There is an active, and very interesting, debate taking place right now in the web community about the merits of responsive web design—particularly how it applies to mobile. On one side of the fence you have the “one web” group who believe that you should be delivering the same content to both mobile and desktop users, typically anchored by a responsive approach. On the other side of the fence are people who believe that mobile requires much more than responsive design is capable of and therefore write the technique off as little more than a band-aid on a gunshot wound.
The primary issue that those opposed to the one web approach tend to mention is that responsive web design ignores the mobile context. This, of course, broaches the question: What exactly is the mobile context? The answer is not particularly clear.
It used to be. The mobile user used to be always on the go; trying to consume location related and task-oriented content very quickly. The problem is that this is not necessarily the case anymore. Phones are getting more and more capable and the browsing experience on many of them can be downright enjoyable. That has resulted in more people partaking in casual browsing on their mobile devices. Jeremy Keith hits it on the head in his comment to Paul Boag’s thought provoking post:
There’s also this assumption that mobile users have just one context (“I’m in a hurry! I need to find a time or a location!”) while desktop users have another (“I’ve got all the time in the world; I don’t mind wading through a bunch of irrelevant crap”) whereas, as Stephanie rightly pointed out—and I believe Luke Wroblewski is also doing user research in this area—this simply isn’t true.
People will use their Android phones or iPod Touches over WiFi while they are lounging on the sofa and people will use their laptops over 3G while traveling on a train.
Now tell me: which is the mobile context?
The issue is that there is no longer a clear mobile context. The stats seem to support this fact. Luke Wroblewski posted a summary of stats taken from Compete’s Quarterly Smartphone Report that pertained to where people are using their mobile devices to access the internet. The results were varied:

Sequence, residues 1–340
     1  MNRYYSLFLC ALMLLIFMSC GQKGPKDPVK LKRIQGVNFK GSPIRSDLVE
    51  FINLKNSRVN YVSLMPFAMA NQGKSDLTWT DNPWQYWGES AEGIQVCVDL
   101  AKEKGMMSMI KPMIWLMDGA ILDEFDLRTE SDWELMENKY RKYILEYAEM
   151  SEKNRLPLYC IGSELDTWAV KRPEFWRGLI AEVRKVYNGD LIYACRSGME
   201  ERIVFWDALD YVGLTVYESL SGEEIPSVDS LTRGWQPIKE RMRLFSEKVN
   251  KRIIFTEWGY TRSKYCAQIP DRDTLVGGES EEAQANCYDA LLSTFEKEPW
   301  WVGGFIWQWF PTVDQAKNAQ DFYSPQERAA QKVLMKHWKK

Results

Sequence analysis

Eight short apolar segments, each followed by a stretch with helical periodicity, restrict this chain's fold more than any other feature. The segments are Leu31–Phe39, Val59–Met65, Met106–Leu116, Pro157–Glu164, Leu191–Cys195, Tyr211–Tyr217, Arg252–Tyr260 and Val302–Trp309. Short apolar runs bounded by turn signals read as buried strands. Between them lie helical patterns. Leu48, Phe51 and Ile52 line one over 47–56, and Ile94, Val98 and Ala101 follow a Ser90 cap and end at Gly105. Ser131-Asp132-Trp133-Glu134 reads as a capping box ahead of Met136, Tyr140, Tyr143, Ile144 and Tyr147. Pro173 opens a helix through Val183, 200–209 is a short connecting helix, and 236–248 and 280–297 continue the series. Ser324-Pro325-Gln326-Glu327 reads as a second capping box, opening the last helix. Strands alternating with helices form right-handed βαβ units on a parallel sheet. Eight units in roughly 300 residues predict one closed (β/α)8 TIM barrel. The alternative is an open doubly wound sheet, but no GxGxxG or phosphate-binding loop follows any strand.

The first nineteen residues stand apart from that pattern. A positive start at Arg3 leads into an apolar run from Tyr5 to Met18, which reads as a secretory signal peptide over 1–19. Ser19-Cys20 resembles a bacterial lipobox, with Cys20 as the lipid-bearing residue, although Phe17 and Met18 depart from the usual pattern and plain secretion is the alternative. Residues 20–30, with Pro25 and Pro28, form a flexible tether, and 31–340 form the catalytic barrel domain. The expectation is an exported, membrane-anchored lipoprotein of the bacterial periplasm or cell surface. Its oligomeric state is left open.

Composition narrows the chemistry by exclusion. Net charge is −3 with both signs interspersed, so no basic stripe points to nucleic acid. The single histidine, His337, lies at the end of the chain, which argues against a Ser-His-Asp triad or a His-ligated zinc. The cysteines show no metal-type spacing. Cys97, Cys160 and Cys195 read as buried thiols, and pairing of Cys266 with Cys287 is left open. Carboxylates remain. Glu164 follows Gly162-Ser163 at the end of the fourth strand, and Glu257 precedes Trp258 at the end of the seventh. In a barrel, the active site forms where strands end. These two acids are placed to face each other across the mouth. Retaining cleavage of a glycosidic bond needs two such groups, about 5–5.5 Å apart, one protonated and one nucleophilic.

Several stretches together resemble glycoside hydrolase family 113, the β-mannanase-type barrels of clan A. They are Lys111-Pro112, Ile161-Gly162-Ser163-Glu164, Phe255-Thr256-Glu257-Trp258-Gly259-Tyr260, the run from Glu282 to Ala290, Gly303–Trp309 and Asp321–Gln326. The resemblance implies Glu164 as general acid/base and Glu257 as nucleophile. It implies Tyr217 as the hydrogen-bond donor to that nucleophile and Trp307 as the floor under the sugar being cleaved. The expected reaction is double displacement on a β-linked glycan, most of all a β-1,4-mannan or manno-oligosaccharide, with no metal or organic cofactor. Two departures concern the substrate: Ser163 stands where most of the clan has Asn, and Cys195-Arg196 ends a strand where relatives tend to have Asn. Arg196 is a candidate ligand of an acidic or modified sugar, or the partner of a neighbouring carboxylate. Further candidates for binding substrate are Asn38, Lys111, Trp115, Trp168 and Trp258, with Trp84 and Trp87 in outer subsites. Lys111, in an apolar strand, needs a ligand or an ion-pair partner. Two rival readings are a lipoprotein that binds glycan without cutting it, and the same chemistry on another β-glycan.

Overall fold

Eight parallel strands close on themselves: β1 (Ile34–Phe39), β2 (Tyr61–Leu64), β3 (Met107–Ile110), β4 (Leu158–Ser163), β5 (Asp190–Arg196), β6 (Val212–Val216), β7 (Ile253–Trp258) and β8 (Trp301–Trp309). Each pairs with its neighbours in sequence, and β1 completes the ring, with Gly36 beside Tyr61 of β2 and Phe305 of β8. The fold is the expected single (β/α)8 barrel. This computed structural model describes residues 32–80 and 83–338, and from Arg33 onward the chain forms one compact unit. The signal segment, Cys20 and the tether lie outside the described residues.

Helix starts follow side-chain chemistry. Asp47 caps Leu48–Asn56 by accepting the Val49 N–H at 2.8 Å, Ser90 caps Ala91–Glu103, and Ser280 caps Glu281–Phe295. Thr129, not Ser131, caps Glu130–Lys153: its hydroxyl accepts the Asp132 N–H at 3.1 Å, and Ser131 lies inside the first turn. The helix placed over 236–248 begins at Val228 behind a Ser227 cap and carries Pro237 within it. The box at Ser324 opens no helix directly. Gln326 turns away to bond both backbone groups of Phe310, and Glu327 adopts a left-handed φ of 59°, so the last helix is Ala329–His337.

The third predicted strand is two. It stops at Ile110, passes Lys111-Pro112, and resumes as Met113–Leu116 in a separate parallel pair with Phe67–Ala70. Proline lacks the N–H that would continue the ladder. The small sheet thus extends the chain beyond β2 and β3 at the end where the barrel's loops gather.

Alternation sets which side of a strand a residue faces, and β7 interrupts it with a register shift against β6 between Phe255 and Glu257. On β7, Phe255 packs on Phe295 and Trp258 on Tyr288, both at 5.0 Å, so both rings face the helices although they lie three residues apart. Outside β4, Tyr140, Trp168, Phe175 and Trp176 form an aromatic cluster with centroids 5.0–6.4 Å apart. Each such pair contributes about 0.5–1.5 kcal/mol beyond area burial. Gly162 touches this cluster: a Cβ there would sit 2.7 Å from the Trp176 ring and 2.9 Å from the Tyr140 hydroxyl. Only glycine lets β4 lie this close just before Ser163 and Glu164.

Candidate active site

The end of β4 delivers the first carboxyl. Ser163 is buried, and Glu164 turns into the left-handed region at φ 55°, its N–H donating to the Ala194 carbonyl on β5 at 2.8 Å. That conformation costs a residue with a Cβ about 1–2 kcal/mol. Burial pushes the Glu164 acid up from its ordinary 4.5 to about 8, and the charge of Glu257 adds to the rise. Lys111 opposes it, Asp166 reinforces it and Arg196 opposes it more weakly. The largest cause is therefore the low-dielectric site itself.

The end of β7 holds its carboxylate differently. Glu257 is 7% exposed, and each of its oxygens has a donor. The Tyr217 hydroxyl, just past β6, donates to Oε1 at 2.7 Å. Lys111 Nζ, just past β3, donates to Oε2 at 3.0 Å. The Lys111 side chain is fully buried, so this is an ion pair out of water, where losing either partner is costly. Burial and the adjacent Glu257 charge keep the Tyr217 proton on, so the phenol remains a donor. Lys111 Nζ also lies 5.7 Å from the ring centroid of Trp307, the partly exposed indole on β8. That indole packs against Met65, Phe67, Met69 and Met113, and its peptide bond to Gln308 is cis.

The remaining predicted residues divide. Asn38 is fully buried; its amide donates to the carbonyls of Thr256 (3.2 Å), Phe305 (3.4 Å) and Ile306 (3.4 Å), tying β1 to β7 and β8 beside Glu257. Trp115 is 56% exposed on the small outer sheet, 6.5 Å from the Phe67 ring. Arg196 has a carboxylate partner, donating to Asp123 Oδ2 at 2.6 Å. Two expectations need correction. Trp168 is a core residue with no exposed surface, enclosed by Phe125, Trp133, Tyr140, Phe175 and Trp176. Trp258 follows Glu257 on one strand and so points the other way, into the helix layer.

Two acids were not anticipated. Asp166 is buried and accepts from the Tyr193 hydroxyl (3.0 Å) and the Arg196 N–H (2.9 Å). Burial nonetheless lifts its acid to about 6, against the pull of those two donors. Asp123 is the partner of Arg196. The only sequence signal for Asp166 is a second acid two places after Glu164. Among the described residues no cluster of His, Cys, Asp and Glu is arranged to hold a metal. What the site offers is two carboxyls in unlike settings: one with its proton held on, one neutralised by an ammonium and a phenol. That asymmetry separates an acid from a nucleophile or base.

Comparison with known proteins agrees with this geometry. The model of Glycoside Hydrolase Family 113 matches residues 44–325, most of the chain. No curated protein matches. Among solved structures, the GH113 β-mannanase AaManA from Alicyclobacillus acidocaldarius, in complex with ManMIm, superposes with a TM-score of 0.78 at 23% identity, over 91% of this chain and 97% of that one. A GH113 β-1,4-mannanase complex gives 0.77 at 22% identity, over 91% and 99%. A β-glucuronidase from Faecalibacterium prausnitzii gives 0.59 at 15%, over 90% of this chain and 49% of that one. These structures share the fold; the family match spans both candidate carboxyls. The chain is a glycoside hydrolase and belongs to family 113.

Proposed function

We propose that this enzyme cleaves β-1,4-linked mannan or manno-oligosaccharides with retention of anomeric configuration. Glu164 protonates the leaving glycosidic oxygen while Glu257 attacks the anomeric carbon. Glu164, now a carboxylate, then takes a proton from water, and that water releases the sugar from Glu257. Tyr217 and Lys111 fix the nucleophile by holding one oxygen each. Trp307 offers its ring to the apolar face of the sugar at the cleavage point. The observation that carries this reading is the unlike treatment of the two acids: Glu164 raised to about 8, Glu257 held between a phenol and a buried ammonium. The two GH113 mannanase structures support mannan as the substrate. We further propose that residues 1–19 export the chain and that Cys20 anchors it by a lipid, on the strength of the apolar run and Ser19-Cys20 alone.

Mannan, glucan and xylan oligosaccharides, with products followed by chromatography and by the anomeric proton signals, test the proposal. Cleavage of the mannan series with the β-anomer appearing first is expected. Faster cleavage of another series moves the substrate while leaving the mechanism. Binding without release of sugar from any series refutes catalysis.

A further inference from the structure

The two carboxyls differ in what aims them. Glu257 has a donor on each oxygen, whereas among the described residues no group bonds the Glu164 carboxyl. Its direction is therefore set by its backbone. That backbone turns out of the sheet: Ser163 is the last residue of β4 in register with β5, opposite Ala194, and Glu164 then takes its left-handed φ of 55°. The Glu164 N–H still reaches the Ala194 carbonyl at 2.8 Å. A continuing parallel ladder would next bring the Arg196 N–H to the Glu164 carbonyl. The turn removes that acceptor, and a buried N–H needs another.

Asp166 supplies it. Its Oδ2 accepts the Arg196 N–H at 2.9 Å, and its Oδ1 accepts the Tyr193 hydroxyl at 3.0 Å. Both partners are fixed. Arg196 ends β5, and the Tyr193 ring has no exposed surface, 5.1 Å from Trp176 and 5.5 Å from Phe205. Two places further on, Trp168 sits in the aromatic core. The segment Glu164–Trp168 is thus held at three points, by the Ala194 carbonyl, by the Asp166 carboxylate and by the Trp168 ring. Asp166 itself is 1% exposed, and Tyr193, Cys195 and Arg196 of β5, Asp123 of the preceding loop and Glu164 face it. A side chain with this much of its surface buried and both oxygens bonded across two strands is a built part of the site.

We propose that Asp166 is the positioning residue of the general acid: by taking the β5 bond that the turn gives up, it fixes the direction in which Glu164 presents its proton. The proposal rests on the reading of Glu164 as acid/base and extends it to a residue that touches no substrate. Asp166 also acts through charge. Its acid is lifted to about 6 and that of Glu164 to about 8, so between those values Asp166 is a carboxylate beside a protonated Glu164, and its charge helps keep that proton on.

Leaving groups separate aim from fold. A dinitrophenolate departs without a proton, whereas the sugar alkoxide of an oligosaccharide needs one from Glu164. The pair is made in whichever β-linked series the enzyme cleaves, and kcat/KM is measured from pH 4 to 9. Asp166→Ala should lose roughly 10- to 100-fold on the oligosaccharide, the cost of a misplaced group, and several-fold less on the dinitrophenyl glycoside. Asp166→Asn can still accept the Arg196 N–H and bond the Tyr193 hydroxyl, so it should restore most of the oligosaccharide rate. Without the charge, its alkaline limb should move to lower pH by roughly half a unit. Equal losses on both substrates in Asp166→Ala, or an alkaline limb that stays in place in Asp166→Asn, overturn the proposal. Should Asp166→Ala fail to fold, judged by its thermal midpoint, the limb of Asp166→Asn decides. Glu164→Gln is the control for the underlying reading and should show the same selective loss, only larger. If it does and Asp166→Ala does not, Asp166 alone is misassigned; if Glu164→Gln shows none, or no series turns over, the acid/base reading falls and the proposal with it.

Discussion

84% at home
80% during miscellaneous downtime throughout the day
76% waiting in lines of waiting for appointments
69% while shopping
64% at work
62% while watching TV (alt. study claims 84%)
47% during commute in to work
One could argue that a few of these settings might lean towards our traditional view of the mobile context. I’m willing to bet that a large portion of the 69% of the people browsing the web while shopping are looking for information to help them make their purchase, perform price comparisons etc. Take a look at those top two results though—those aren’t your traditional scenarios of mobile use.
Let me be clear—I’m not saying that there is never a need to tailor the content of a mobile site. I’m also not saying that responsive design and one web is an end all be all for mobile. It’s not a black and white issue—there are many, many shades of gray. We shouldn’t ignore the unique needs and characteristics of mobile devices and their users—it would be irresponsible to do so. However, we should be very careful not to assume too much. Mobile context is important, but first we need to figure out what the heck it is.
Responsive design is just one piece of the puzzle. By itself it is, in many cases, an incomplete solution. It’s a tool, however, that when leveraged properly and in conjunction with the proper techniques (see http://yiibu.com for an example of what I mean) can greatly aid in optimizing for multiple devices. To assume it is the entire solution is a mistake; to discount it as a hack seems to me to be just as bad.